As the Federal Court convenes today to decide whether to return Mohamed Haneef’s Australian work visa, it’s worth asking how the death of his second cousin Kafeel Ahmed on Friday morning in Glasgow will affect investigations by the police authorities, both in UK and Australia, into the two recent failed blast attempts in London.
Having suffered 92% burn injuries, the chances of Ahmed’s survival appeared to be quite grim and the British police were finding it difficult to make any headway in the investigation for want of his interrogation as he was battling for his life. But had Kafeel survived, not only would his and his brother Sabeel’s role in the whole affair been unearthed, but it could also have thrown a huge light on any involvement he had with his cousin Haneef, whose SIM card is believed to have been used by Kafeel to camouflage his identity.
Kafeel’s death might bring the entire investigation to a screeching halt. One wonders what the Australian authorities will do now with regard to Dr Haneef, who’s intent on taking on Immigration Minister Kevin Andrews over the restoration of his visa.
Though Mr Andrews has selectively released the chat room conversation of Dr Haneef with his cousins in UK, (without releasing the entire transcripts with it to him or his lawyer), it seems Australian authorities were pinning their hopes on the outcome of the interrogation of Kafeel Ahmed once he recovered.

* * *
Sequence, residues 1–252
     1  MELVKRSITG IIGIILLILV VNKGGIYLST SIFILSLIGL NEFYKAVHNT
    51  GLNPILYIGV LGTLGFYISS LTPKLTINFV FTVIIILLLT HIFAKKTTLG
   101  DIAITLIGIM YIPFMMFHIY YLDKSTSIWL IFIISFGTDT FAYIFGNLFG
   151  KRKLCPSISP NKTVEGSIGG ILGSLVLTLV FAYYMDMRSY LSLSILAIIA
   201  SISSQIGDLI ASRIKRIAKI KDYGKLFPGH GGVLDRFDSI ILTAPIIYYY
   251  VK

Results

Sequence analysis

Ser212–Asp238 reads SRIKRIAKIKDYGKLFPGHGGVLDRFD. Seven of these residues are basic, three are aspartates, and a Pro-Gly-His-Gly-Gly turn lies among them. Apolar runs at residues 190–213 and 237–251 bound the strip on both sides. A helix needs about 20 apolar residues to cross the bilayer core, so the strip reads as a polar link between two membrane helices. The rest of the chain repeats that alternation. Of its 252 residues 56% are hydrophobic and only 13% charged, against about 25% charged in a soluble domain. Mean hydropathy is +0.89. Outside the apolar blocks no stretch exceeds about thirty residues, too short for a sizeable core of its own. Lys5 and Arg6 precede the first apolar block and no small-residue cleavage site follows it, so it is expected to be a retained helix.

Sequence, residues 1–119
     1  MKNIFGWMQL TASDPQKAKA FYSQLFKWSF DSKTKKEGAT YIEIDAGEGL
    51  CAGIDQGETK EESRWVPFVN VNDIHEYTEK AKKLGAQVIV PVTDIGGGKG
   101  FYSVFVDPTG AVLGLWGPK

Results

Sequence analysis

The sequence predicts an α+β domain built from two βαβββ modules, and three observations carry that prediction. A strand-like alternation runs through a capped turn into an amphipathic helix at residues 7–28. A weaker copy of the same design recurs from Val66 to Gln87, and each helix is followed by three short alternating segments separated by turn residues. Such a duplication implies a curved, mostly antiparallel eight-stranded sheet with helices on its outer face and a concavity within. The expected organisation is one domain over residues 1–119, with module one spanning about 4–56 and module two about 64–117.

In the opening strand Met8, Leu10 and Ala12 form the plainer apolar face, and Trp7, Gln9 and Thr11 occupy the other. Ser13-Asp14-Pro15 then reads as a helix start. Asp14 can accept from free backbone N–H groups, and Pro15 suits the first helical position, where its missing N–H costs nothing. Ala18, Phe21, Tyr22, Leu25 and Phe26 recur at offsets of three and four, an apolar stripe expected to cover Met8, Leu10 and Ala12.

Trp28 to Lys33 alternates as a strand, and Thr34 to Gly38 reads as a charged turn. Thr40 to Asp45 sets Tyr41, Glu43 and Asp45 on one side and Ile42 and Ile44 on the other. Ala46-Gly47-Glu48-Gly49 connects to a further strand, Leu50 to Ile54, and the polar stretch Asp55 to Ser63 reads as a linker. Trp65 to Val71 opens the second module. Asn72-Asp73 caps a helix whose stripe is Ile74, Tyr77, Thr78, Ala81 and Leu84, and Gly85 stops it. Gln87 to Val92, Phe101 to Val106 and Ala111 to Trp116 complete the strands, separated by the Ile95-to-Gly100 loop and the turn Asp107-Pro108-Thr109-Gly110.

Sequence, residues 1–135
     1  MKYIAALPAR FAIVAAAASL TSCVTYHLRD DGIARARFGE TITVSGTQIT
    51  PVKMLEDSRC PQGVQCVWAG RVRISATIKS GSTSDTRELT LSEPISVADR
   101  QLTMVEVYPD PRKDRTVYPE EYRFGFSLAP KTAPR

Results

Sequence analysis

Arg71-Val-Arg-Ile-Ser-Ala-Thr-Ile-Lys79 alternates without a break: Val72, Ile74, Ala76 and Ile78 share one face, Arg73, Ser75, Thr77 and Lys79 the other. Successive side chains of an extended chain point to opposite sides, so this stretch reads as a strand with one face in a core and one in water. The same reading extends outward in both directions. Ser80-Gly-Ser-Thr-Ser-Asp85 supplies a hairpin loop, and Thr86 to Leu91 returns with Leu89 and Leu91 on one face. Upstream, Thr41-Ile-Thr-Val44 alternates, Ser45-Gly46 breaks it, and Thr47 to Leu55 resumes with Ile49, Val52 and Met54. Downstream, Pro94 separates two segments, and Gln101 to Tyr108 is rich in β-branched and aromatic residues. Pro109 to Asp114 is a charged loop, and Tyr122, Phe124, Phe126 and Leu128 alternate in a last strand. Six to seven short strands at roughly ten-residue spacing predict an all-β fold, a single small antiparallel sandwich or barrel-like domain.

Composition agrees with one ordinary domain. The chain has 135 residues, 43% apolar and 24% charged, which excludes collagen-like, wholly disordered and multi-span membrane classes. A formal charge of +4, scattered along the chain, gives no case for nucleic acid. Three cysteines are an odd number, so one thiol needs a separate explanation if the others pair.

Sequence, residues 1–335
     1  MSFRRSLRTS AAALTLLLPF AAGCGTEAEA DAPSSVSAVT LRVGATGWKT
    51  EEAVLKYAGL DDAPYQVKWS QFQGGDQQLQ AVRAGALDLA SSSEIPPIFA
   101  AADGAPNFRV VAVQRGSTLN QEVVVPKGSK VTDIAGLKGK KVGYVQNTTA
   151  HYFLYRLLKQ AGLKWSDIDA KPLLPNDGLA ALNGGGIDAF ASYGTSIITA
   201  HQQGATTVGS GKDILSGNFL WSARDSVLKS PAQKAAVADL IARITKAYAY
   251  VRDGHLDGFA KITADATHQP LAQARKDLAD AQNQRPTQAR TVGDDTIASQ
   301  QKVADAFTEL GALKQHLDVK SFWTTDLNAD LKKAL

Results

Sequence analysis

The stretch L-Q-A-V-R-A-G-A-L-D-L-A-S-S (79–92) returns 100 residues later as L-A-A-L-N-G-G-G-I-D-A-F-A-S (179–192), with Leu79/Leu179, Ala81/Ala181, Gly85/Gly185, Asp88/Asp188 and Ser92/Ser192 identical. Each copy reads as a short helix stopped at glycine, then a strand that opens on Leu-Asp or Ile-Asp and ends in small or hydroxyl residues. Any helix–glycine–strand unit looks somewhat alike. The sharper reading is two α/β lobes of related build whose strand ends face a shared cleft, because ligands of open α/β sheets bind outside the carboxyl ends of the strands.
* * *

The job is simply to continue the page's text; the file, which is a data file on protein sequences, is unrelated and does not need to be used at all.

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The Indian government has shown extraordinary interest in the Haneef case because this is the first instance where the names of Indian Muslims have been linked to a terrorist incident away from India.
The Indian Prime Minister, Dr Manmohan Singh, who, at the behest of his Congress party and to appease the Indian Muslim community, had declared his intention to repeal India’s anti-terror law, POTA, (much against the spirit of UN Resolution No. 1373, passed in the aftermath of 9/11 and which calls on countries to take strong measures against terrorist activity), has expressed his sympathy to Dr Haneef’s parents and expressed his concern over the sleepless nights they spent.
Dr Singh’s sympathetic reaction to Dr Haneef and his family is designed partly to court the Muslim vote, something his Congress Party has been doing ever since Independence in 1947. But many in India believe that Prime Minister Singh has overreacted after Dr Haneef’s detention in Australia without fully ascertaining the details of the entire case.